Reply: What is the most exciting work in yeast?

Susan L Forsburg susan_forsburg at
Fri Jan 14 20:37:39 EST 1994

Subject: Reply: What is the most exciting work in yeast?
From: Frank Li, LI_N at
Date: 13 Jan 1994 07:28:07 -0000
In article <2h2t67$8r3 at> Frank Li, LI_N at
>Dear Susan and other buddies,
>Well, you know: besides two-hybrid, we also have one-hybrid now (refer to
>Yocum Li's paper in recent Science); and based on the properties of our
>beloved GAL4 protein, there are many other tricks you can play with to
>study your favourite protein or promoter sequences (refer to the latest
>issue of Methods: A Companion to Methods in Enzymology edited by Stan
>and Mark Johnston).
>Dream on: half-hybrid, three-hybrid ... being an engineer of protein is
>really something exciting!

I have to disagree here.  First, I'm not a buddie, I'm a fission yeast
Second, the two hybrid system is a TOOL, a METHOD , a TECHNOLOGY.  It's
analogous to using E. coli to make plasmids.   It uses yeast as a small
Eppendorf tube.  If you will, it's a tactic, not a strategy.  This is not
to disparage its utility, but it is not an end in itself.  Yeast is
important as a biological system, not just as a kit.

So far most people have responded to my discussion topic either here or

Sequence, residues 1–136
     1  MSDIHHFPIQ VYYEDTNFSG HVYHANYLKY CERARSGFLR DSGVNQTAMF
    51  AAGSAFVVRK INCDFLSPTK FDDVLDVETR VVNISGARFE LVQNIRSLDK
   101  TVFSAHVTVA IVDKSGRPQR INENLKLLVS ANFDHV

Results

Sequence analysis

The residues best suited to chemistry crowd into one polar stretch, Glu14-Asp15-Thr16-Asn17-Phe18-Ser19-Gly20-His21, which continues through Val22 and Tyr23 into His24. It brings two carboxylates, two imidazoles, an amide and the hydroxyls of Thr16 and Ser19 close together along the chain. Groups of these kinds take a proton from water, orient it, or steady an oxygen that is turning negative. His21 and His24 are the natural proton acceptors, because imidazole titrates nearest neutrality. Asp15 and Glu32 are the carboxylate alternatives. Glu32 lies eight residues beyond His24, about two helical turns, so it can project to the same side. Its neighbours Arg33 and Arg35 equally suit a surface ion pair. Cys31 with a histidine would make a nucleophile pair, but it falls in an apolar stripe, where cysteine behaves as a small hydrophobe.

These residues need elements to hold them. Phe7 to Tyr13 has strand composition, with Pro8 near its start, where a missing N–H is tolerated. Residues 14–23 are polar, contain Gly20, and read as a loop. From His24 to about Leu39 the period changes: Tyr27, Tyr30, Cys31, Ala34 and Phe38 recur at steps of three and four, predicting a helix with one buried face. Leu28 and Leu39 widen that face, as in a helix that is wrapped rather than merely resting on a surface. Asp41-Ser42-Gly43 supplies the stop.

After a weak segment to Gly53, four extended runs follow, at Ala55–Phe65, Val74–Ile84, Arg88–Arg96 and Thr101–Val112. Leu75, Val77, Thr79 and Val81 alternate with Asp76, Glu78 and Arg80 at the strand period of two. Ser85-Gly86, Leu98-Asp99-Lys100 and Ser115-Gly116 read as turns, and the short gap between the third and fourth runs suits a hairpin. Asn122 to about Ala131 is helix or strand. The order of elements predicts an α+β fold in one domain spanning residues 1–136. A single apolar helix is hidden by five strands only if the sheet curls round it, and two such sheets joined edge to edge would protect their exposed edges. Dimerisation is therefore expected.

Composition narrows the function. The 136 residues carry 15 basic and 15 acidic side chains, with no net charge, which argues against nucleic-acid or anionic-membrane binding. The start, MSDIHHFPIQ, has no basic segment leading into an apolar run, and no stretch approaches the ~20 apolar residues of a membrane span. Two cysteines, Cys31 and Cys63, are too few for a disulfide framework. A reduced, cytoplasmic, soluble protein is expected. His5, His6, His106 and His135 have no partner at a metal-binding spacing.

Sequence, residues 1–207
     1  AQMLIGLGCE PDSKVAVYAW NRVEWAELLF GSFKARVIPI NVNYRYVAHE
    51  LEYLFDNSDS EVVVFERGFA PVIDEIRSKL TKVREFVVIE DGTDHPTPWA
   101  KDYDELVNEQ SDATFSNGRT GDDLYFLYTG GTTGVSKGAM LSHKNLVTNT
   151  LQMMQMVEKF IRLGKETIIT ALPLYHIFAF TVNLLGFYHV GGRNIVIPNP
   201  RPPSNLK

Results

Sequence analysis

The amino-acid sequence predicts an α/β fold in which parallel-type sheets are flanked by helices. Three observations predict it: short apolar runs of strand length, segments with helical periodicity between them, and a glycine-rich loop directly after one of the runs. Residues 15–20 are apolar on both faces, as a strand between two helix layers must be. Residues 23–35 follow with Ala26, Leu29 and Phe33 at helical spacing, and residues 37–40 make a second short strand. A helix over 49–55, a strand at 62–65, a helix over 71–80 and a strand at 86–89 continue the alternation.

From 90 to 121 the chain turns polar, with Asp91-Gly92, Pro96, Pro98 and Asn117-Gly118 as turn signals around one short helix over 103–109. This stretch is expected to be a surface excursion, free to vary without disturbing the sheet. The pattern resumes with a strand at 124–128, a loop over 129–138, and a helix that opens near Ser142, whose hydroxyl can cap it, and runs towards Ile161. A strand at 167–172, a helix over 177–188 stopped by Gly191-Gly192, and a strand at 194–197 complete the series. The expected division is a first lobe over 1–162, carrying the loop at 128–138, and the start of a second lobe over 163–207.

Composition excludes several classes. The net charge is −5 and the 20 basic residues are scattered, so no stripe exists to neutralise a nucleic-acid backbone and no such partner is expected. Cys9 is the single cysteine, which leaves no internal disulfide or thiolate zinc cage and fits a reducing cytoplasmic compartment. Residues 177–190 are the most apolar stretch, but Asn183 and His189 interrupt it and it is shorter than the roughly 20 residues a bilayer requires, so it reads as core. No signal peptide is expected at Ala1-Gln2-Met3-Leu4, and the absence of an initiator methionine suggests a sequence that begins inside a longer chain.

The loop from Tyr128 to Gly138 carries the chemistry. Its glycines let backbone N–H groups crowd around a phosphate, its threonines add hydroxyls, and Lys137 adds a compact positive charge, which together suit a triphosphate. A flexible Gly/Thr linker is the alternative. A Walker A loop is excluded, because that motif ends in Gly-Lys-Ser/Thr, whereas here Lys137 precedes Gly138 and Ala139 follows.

by email, by suggesting that significant yeast work consists either of
limited technologies that the higher-cell types have exploited, or of
their own corner of experimentation.  I had hoped for a little more from
this community.

 I think the APYG ("awesome power of...") is making significant
contributions to many cell biology problems.   IMHO,  signal
transduction, secretion and localisation, and cell cycle are all areas
where yeast work is advancing our understanding of basic biological
problems.    The yeasts are biological systems in their own right, and
answering  questions in yeast really DOES make a difference to studying
them in higher cells.  I shouldnt have to persuade this audience of the
utility of model systems.   yeast is more than a system to get protein x
to interact with protein y.  The biology of our favourite organisms tells
us a lot about biology in general.  I know (and have just told you) what
I think are exciting current topics.  I wanted to generate a discussion
and see what others think.  

So, let's try again!  Tell us what YOU think is exciting right now, and


Susan L Forsburg
Molecular Biology and Virology Laboratory
The Salk Institute for Biological Studies
email:  susan_forsburg at
        formerly forsburg at

More information about the Yeast mailing list